When Raspberry Pi released their diminutive, ARM-based PC for $35, people were rightfully chomping at the bit to get their hands on something so cheap and small and hackable. But the 700 MHz, single-core ARM 11 processor it wasn't exactly a powerhouse. Enter Hardkernel's ODROID-X, which packs a quad-core Samsung Exynos chipset on a 3.5 inch motherboard. More »


Comments Off on Who Wants a Quad-Core Computer for $130? [Guts]

Photo

Adrian Covert

July 13th

Uncategorized

MEIZU announces the first Exynos-powered quad-core smartphone

MEIZU on Monday announced its flagship MX Quad-core smartphone that is slated be available in June. The handset is the first to feature the new Exynos A9 quad-core chipset, which will reduce CPU power consumption by up to 20% compared to earlier versions. The device is also equipped with a 4-inch 960 x 640-pixel display, a 1,700 mAh battery, an 8-megapixel BSI camera with an f/2.2 aperture and MEIZU’s unique Android 4.0-based Flyme OS. The MX Quad-core will be available for ÂĄ2,999 ($480) in China or HK$3,099 ($400) in Hong Kong for the 32GB variant and ÂĄ3,999 ($635) or HK$4,099 ($530) for the 64GB model. MEIZU’s press release can be found after the break.

MEIZU officially announces the new MEIZU MX Quad-core

MEIZU announces the world’s first smartphone with the quad-core Exynos A9 CPU

HONG KONG – April 16, 2012 – MEIZU today announces the brand new MEIZU MX Quad-core smartphone to be available in June this year. Among many surprises, the MEIZU MX Quad-core is the first smartphone in the world to use the brand new and powerful Exynos A9 quad-core processor.

The MX Quad-core uses a power efficient quad-core Exynos A9 CPU with industry-leading 32 nm HKMG technology which has been optimized to reduce CPU power consumption by up to 20%. In addition, it will last even longer with a new 1700mAh battery.

With its state-of-the art hardware, the MEIZU MX Quad-core is better in every way than its predecessor. The MEIZU MX Quad-core CPU is 60% faster, and GPU 50% faster compared to the previous MX. Whether it is browsing through menus, playing the latest games, or watching 1080p video, the MX Quad-core easily beats dual-core devices.

MX Quad-core comes with a vivid 292 PPI high definition ASV display. With no visible pixels on the screen, it provides the user with the ideal smartphone viewing experience. On the back side, the MX Quad-core has an 8 megapixel BSI camera with an f/2.2 lens aperture, capable of taking great photos even in low light conditions. The MX Quad-core will come with MEIZU’s unique Flyme OS based on Android 4.0, providing users with beauty, simplicity and buttery smooth performance at every interaction.

The MEIZU MX Quad-core will be available in MEIZU’s 400 retail stores during June at ÂĄ2999/3999 CNY and $3099/4099 HKD for capacities 32GB and 64GB in Mainland China and Hong Kong, respectively. With MX Quad-core, the company also releases MX back covers in five colors in addition to the original white, allowing users to experience the MX on their own terms. Coinciding with the announcement of MEIZU MX Quad-core, the MEIZU MX will have its price adjusted to ÂĄ2399 CNY and $2599 HKD in Mainland China and Hong Kong respectively. The reduced price for the MEIZU MX is effective as of April 16, 2012.

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Photo

Dan Graziano

April 17th

Uncategorized

Samsung exec says Galaxy S III may launch in April

Despite an earlier leak that made a May announcement seem increasingly likely, Samsung is apparently still considering an April launch for its highly anticipated Galaxy S III smartphone, South Korean news site MK reports. Samsung president for the China region Kim Young-ha is quoted as having said that the company is still pushing for an April launch. ”In order to increase sales of the Galaxy S3 as well as the Galaxy Note which is already very popular in China, the company is considering rescheduling the rollout of the Galaxy S3 from May to April,” Kim reportedly said Wednesday while speaking at the Samsung Forum 2012. An earlier report suggested that the flagship smartphone is currently slated for a May 22nd announcement, as tipped on the home screen of a leaked product render. With HTC’s One-series smartphones set to launch next month, the South Korea-based vendor is undoubtedly under pressure to push up its Galaxy S III release, though carriers could stand in the way here in the United States. BGR exclusively reported that the Galaxy S III will feature a 4.8-inch display with 1080p HD resolution, a quad-core Exynos processor, Android 4.0 Ice Cream Sandwich and a remarkably slim case made of ceramic.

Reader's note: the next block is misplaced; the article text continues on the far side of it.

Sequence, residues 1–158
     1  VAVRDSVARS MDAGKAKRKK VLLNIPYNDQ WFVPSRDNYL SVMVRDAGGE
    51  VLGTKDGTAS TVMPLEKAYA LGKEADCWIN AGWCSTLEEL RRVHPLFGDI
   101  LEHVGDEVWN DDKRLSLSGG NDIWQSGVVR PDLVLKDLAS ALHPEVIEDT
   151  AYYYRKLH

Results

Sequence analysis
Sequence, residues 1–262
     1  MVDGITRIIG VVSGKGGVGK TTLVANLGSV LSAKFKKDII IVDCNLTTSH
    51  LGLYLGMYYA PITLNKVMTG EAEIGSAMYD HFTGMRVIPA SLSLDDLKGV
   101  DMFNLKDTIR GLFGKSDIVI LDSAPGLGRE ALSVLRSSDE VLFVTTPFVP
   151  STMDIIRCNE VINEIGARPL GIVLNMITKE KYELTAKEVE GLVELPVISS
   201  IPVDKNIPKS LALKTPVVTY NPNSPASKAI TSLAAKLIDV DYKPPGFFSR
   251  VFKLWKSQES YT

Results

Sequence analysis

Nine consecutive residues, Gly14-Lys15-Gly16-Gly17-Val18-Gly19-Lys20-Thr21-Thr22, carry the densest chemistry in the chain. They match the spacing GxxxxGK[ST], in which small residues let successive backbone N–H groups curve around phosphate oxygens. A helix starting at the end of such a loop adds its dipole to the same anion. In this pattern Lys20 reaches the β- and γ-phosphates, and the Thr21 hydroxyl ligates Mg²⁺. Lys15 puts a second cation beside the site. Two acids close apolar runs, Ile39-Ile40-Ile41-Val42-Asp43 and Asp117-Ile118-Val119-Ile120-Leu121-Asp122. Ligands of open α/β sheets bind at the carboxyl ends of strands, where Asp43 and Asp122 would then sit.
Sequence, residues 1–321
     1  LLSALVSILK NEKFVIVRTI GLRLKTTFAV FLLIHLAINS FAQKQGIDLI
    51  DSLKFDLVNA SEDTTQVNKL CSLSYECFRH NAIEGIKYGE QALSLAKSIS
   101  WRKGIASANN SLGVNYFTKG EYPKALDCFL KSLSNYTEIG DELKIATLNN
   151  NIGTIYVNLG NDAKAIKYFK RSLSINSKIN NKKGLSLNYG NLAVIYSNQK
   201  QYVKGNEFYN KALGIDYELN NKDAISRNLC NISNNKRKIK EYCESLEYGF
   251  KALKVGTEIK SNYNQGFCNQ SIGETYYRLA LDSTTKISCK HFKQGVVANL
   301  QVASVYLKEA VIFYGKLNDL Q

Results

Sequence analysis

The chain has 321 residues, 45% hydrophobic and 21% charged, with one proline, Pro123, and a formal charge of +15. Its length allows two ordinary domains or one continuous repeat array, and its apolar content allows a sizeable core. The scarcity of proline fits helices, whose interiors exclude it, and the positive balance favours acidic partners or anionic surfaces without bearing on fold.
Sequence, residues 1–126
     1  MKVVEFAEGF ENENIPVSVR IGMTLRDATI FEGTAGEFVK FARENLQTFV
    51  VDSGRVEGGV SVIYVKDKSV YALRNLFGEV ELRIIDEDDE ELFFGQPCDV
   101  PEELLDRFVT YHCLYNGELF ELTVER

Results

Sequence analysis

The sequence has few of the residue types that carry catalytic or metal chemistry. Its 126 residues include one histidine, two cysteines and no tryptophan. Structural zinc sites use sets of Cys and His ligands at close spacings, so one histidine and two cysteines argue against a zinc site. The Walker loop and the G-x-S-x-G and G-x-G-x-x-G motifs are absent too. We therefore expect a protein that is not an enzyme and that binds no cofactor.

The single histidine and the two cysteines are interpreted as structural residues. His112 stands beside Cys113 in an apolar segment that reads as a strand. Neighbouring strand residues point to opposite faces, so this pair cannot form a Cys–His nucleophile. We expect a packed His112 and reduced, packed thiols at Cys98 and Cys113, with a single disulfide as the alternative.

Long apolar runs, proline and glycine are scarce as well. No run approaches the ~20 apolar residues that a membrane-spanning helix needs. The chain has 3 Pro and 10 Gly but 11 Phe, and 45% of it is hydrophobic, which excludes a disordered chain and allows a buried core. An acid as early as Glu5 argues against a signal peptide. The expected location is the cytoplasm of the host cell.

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Zach Epstein

March 21st

Uncategorized

Samsung exec reportedly confirms quad-core Exynos, 4G LTE in Galaxy S III

An unnamed Samsung executive reportedly confirmed that the company’s highly anticipated Galaxy S III smartphone will be equipped with a quad-core Samsung Exynos chip featuring on-board LTE and WCDMA radios, the Korea Times reported on Monday. BGR exclusively reported last month that the Galaxy S III would feature a 1.5GHz quad-core Samsung Exynos processor, a 4.8-inch full HD 1080p display, a 2-megapixel front-facing camera, an 8-megapixel rear camera, a ceramic case, 4G LTE connectivity and Android 4.0 Ice Cream Sandwich. According to the executive, Samsung is attempting to distance itself from Qualcomm, which has previously provided the manufacturer with single-chip solutions. “It was believed that Qualcomm chips had greater stability and suited easy upgrades. But, that’s the old story,” the executive said. Samsung still has a cross-licensing deal with Qualcomm to use its firm’s single-chip solutions through 2024.

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Photo

Dan Graziano

March 19th

Uncategorized

Samsung’s Next-Gen Mobile Chipset Is Nearly as Powerful as a Laptop [Guts]

If you have an affinity for Android Tablets, you'll certainly fawn over the next generation Exynos 5250 chipset, complete with a 2 gigahertz, dual-core ARM Cortex A15 CPU and a GPU capable of powering a 3D display at 2560x1600. More »


Comments Off on Samsung’s Next-Gen Mobile Chipset Is Nearly as Powerful as a Laptop [Guts]

Photo

Adrian Covert

November 30th